The machine guns twist around just before an explosion rocks the other side of the machine. It stops itself from lurching towards me, and the guns erupt in bullets, brass, and barrel flash. Its big gun swivels around and stops. The cannon's roar turns into ringing pain and I'm bathed in fleeing dust.
I get in the car and drive in front of the house. The next sounds that reach my ears are my fathers instructions to take us to Zaviyeh, my mother thanking Allah that I'm alive and with the car, and Safia crying as they all climb in.
We reach Uncle Fayid's home before the sun has a chance to rise. We rest, and afterward I borrow his binoculars to watch the smoke rise from the capital. Some of the cars escaping by the highway were ones that I once fixed.
The skies of the days that follow are filled with fast black darts dragging sonic booms behind them through the sky, and streaks that drop from orbit like backwards rockets.
Nobody sends soldiers to Zaviyeh – the only military buildings here are some ancient fort ruins that children fight over. That makes me look at my father funny when he says that the Americans are attacking, and that we need to leave again.
“How do you know?” I ask.“Their tanks are just outside! Hurry, we need to go!” he answers.
I grab the binoculars and close my eyes from the glare as I walk out the door, slowly opening them as I find the balcony stairs. At the top, I walk across the roof and past a table, finding my usual place to watch the horizon.
I find it in the East, its turret peeking over some shrubs and short trees belonging to a patch of green at the edge of town. I look closer and see its leg – bent, with sparks falling from it.
I run downstairs and open my toolbox, finding what I need: wire cutters, electrical tape, insulated gloves, and pliers. I shut it, grab it, and carry it with me as I run out of the house, towards the drone.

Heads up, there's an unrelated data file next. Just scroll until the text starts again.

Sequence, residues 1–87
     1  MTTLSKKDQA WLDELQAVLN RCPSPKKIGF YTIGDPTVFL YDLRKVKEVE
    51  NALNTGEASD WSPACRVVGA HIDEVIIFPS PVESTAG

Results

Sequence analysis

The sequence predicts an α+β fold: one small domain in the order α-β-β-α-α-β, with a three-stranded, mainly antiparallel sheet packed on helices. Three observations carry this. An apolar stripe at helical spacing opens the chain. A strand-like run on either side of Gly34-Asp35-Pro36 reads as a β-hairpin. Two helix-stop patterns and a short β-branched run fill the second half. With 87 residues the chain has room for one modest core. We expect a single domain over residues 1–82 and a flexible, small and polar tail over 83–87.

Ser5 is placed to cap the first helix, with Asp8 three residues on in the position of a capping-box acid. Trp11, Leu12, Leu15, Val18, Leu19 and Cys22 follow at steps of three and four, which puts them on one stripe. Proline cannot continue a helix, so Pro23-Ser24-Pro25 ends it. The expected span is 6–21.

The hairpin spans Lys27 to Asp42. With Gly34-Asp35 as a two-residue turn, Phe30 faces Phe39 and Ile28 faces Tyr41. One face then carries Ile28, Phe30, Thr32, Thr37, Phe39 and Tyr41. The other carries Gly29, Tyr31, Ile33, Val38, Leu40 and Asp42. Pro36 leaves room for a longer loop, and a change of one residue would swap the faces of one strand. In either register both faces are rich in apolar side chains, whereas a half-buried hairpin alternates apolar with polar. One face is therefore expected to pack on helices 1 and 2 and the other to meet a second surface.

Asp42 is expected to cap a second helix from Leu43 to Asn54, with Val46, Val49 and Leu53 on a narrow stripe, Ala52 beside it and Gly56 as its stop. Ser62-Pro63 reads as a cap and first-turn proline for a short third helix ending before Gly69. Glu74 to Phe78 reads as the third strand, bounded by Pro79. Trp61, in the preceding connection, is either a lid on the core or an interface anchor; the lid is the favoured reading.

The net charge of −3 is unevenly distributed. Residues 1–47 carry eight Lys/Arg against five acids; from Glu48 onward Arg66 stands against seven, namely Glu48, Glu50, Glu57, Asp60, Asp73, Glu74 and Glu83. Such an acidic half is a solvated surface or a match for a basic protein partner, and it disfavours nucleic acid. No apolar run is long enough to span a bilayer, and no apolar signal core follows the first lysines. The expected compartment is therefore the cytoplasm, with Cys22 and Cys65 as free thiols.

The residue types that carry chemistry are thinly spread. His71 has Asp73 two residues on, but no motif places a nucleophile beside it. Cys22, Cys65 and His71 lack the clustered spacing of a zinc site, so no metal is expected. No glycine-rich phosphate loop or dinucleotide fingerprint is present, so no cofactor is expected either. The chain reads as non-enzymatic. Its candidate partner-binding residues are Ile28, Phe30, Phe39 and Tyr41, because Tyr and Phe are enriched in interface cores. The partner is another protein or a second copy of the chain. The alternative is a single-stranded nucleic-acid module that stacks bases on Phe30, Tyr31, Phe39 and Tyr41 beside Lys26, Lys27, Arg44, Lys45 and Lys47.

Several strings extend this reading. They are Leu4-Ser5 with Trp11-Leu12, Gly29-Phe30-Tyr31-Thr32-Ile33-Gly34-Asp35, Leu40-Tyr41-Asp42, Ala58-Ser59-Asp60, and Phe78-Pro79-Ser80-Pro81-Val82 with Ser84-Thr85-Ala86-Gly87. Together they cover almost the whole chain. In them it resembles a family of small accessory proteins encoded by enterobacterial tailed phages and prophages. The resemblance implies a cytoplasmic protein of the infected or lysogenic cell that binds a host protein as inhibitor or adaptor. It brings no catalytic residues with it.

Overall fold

When I get close enough to notice the drone's machine guns tracking me, I stop thinking that this is a good idea. However, it's still an idea, and I slow down and hold up my hands.
“Hey! Machine!” I yell, in what English I know. Lasers touch my face again.
“Wait! I can fix you!” I turn my face away from it. “I can fix you, and then you leave! Good?”
An infinite minute later, it shuts its lasers off, and turns its guns away from me. It shifts its weight off of the damaged leg as I walk towards it. After I set my tools on the ground, I look over the damage.
A piece of shrapnel had embedded itself in part of the joint, damaging some of the power cables. Before that, it looked like it had taken some armor damage, weakening the frame and making it vulnerable. I use a crowbar to wedge out the shrapnel, then make a temporary repair for the cable. I put my tools away and step back from the drone.
“Try to walk now,” I say. Electricity hums into the mechanism, which the drone seems to flex with little problem. It shifts back over and steps with the leg. I can feel each step through the ground.
We back away from each other, before it turns south and I turn back towards my Uncle's home.